There are four basic modes of fire attack for structural firefighting: offensive, defensive, offensive/defensive, and defensive/offensive.
Fire has destroyed many buildings as a result of hesitating to initiate a prompt attack by a fire department. Implementing an offensive attack maximizes control efforts by allowing a quick attack on the fire. With an offensive attack, water is delivered to the seat of the fire, and rescues can be made under the protection of interior hoseline crews, which help cool the environment down and provide water safety. A major part of the decision-making process is weighing the risk that is taken by the firefighters versus the gain to be achieved. High-risk situations with little or no gain must be avoided. We have a saying in the fire service that we live by:
“Risk a lot to save a lot, risk little to save little.”
The decisions on how to approach a fire are always made upon the arrival of the first company officer. This makes him the overall Incident Commander (IC). Sometimes the IC is changed out but most of the time the original IC will stay in command for the whole incident.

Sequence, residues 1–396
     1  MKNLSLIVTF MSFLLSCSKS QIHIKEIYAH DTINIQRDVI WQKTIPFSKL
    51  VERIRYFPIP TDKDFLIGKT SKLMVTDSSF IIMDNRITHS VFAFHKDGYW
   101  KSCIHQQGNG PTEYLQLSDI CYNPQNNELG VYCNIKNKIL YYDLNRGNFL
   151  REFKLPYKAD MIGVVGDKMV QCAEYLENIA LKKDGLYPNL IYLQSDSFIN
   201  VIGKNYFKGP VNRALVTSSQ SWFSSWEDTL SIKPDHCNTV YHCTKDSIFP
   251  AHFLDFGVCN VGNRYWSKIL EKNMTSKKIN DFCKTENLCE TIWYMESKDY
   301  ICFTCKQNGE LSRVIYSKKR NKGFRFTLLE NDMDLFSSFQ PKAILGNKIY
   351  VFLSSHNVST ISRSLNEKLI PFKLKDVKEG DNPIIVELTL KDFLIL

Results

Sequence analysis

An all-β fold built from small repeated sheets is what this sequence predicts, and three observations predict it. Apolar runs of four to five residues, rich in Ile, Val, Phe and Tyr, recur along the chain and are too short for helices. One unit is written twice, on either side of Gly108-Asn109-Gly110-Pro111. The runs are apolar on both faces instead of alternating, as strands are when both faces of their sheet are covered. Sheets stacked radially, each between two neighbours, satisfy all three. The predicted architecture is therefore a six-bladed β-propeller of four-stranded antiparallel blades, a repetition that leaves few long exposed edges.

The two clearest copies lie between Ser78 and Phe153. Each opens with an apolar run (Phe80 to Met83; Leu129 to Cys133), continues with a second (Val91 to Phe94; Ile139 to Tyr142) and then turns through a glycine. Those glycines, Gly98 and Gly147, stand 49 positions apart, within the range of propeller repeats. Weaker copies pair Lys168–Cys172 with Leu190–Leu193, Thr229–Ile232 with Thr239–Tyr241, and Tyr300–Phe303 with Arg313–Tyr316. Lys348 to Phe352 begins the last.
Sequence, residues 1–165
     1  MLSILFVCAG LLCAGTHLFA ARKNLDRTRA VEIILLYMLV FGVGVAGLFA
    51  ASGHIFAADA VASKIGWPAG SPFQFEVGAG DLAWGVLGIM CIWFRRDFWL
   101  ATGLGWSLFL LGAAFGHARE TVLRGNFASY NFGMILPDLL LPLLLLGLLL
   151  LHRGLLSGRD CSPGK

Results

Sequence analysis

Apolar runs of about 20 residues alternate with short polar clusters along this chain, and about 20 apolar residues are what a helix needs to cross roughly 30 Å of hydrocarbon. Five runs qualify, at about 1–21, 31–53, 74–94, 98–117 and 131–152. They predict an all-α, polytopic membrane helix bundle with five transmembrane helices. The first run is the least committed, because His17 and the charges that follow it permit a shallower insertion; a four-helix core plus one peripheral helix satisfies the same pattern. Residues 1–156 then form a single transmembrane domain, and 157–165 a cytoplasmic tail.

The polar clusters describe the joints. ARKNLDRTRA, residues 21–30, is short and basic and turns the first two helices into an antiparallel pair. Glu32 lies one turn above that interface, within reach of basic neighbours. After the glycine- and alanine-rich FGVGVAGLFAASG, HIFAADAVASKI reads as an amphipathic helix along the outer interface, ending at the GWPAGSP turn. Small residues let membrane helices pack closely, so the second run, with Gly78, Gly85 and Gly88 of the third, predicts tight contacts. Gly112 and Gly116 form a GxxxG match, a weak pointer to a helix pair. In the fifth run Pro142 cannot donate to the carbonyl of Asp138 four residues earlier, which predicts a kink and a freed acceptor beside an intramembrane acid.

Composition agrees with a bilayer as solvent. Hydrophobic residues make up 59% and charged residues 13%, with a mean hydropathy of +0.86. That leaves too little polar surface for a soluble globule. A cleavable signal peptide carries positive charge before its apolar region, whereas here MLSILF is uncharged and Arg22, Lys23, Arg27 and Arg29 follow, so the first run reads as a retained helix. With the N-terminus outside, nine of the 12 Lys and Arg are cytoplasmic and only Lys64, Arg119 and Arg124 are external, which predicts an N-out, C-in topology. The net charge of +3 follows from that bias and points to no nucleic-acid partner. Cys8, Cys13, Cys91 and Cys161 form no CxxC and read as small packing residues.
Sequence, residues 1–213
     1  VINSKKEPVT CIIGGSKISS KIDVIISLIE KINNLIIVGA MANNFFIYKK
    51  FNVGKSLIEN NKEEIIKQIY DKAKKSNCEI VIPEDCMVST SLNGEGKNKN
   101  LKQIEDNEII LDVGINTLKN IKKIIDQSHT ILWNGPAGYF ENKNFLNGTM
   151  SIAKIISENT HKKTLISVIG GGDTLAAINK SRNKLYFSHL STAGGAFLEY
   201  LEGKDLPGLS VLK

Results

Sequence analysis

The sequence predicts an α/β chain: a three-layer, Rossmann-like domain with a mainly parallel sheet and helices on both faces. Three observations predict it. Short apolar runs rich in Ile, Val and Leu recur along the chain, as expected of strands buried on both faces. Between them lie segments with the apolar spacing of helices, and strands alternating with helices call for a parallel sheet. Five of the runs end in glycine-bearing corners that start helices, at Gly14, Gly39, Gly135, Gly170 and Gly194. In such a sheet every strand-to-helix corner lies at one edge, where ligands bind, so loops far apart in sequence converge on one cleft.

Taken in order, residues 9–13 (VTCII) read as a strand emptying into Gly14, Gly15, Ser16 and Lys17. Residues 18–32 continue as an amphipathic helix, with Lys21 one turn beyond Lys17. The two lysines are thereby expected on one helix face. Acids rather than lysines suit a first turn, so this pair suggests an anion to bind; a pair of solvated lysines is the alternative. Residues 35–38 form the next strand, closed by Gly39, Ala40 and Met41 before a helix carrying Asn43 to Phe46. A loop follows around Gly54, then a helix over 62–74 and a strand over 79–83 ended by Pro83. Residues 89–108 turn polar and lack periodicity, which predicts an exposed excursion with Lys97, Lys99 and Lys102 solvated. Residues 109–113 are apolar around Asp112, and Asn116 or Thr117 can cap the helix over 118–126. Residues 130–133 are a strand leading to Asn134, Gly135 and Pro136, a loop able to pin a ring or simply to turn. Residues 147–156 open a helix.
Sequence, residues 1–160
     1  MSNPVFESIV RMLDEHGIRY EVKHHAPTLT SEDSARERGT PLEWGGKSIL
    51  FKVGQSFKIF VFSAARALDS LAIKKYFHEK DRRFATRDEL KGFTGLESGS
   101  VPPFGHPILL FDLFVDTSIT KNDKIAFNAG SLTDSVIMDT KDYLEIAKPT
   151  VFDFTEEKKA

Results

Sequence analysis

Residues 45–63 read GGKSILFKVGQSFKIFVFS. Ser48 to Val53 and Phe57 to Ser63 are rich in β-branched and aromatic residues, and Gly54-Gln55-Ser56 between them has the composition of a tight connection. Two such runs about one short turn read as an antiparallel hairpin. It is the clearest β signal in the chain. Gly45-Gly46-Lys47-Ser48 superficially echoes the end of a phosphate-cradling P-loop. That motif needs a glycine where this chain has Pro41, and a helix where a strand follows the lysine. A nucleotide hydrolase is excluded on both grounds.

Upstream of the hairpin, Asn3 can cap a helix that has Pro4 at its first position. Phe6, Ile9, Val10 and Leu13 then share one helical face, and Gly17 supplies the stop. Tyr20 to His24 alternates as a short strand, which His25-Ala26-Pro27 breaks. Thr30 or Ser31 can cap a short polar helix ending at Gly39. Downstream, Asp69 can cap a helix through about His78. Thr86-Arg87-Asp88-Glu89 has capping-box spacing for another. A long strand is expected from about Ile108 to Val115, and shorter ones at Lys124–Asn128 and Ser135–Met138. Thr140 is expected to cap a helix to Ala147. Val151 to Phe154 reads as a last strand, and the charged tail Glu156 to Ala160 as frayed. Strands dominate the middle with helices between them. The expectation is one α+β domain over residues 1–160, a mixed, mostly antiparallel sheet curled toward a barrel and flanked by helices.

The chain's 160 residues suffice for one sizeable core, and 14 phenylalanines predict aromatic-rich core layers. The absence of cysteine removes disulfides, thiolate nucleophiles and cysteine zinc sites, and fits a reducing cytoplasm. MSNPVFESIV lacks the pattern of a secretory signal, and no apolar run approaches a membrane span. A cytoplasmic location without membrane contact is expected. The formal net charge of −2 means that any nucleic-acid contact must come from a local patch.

An offensive attack means that we move the hose crew forward with the intent of knocking down the fire,. Sometimes this means being deployed through a window or door or from the interior of the structure itself. The Incident Commander must decide whether to initially make an offensive-exterior attack or an offensive-interior attack. This is important because an exterior attack means less water for protection inside for rescue crews, while interior attacks mean less protection of the fire spreading. The decision must be assessed and weighted. This is normally decided when the IC does a walk around the structure to assess smoke, damage, condition, entry points, and more. This walk-around is known as a “360”.
A defensive operation is typically initiated when fire conditions prevent an interior attack, such as when the structure is unsafe for firefighters to enter, no civilian lives can be saved, or when the fire is beyond the control of current equipment on the scene. Unless the IC’s initial assessment showed significant damage, an offensive will typically be conducted after an attempt to offensively approach the fire.
These are just some of the methods we take to suppress the fire but as you can already see, firefighting is much more planned out than “putting the cold stuff on the hot stuff.”